PRESS & MEDIA
THE TRADITION OF TOURTIÈRE
It’s nearly Christmas and there are so many a special memories associated with the season. My husband and I became engaged during the holidays many years ago, while enjoying a beautiful snowy escape in Old Quebec with its culinary traditions like tourtière. So our holiday feast always features the French-Canadian meat pies.
Tourtière is a traditional part of winter celebrations in Quebec –Thanksgiving, Christmas and New Year’s. There are lots of recipes out there for the meat pies with regional Quebec variations. Mine will include both ground pork and ground beef cooked with finely minced onions and ground potatoes, salt, pepper and a pinch of nutmeg. The mixture is first cooked together, any fat rendered is skimmed off, and then the mixture is placed in a pastry crust to bake. It is delicious!
Tourtière is also a Blackstone River Valley tradition. In the 19th century, many immigrants from French-speaking Canada came to work in the plethora of textile mills along the Blackstone River and its tributaries. The Civil War had depleted the labor pool in New England and these motivated immigrants were welcome.
According to Run of the Mill and other books on the culture of mill towns, the French-Canadians were the first and most important group in post-Civil War migrations. The newcomers were mostly from Quebec farms that had been subdivided for each subsequent generations until there was no more land to support those coming of age. In the 1870s, Woonsocket was more than 40% French-Canadian. Within a decade, seven out of ten citizens in Manville were French-Canadian. It is estimated that nearly one-third of Quebec province immigrated to New England by 1900 and most of them went to work in the river powerhouses that produced textiles.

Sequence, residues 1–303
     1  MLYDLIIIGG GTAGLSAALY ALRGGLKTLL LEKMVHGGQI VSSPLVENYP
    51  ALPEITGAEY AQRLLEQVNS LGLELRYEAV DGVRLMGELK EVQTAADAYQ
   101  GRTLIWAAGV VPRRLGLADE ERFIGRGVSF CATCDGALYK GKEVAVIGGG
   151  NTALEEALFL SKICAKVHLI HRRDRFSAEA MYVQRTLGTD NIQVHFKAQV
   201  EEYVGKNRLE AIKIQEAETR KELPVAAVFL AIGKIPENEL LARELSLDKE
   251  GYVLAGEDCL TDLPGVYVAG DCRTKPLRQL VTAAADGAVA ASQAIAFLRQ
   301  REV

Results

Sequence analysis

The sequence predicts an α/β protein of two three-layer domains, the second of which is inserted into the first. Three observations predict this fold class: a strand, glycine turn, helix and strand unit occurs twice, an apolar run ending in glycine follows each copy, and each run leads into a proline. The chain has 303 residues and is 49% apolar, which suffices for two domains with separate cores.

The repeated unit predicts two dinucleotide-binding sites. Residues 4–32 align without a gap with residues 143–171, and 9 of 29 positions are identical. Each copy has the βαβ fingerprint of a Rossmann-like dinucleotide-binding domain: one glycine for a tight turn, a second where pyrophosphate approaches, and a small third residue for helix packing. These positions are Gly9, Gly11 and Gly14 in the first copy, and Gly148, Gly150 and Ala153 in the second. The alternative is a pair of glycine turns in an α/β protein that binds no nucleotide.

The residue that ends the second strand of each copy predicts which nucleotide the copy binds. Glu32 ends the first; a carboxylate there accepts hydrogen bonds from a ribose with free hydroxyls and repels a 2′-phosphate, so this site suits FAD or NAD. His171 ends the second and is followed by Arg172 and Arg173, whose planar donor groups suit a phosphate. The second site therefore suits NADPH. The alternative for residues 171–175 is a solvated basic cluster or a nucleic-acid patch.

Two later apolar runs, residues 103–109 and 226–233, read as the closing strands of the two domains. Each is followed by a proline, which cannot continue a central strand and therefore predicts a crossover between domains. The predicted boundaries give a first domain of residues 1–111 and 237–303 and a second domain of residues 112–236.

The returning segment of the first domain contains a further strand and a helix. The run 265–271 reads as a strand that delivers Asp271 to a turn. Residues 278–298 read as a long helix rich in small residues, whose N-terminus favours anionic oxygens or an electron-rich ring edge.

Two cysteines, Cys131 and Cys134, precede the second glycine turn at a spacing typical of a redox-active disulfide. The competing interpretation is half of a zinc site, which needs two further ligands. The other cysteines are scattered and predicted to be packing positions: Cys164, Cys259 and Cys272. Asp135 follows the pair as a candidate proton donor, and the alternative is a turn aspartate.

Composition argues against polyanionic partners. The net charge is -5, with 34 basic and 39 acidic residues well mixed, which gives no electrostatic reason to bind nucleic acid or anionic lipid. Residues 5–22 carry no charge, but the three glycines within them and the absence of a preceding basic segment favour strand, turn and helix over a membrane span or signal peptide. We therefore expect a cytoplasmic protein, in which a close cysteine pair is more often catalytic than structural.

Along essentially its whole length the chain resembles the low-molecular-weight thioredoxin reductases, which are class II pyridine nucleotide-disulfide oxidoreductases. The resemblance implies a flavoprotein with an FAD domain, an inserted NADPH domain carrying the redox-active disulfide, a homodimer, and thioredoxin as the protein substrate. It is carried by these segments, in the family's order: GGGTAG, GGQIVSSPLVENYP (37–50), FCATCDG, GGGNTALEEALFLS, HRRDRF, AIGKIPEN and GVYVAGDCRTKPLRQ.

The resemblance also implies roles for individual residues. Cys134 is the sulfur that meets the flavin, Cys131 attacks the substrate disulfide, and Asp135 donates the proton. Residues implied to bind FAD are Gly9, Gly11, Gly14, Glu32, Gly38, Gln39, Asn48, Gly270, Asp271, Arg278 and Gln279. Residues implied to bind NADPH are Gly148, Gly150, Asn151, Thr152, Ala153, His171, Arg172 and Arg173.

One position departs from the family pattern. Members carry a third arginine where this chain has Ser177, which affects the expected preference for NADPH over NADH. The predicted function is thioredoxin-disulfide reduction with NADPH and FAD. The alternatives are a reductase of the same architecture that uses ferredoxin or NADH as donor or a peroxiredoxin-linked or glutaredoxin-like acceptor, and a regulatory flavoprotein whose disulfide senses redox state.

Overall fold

French-Canadians were the first group to keep themselves segregated by language and religion. They settled into their own villages within predominantly English-speaking Protestant communities. As subsequent immigrants from Quebec followed the first wave into the towns, they were drawn to the centers of French-Canadian culture that had developed, making such enclaves flourish. They protected their traditions from dilution by the existing populace. They built their own Catholic churches, published French language newspapers and developed social benefit organizations like Societe St. Jean Baptiste whose slogan was “Our religion, Our language, Our customs.” (For more information, visit the Museum of Work and Culture in Woonsocket.)
And, of course, they made tourtière. The wonderful meat pies are still part of the French Canadian Festival in September in Woonsocket and they can be found ready for a hungry family at local butchers and grocers.